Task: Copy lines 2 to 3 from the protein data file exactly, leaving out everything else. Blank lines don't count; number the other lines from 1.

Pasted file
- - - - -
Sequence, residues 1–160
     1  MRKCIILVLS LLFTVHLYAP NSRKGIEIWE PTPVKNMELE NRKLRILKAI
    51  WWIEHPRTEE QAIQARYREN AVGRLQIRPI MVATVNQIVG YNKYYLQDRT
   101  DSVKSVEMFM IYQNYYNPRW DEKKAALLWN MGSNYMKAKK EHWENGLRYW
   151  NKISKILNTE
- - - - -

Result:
     1  MRKCIILVLS LLFTVHLYAP NSRKGIEIWE PTPVKNMELE NRKLRILKAI
    51  WWIEHPRTEE QAIQARYREN AVGRLQIRPI MVATVNQIVG YNKYYLQDRT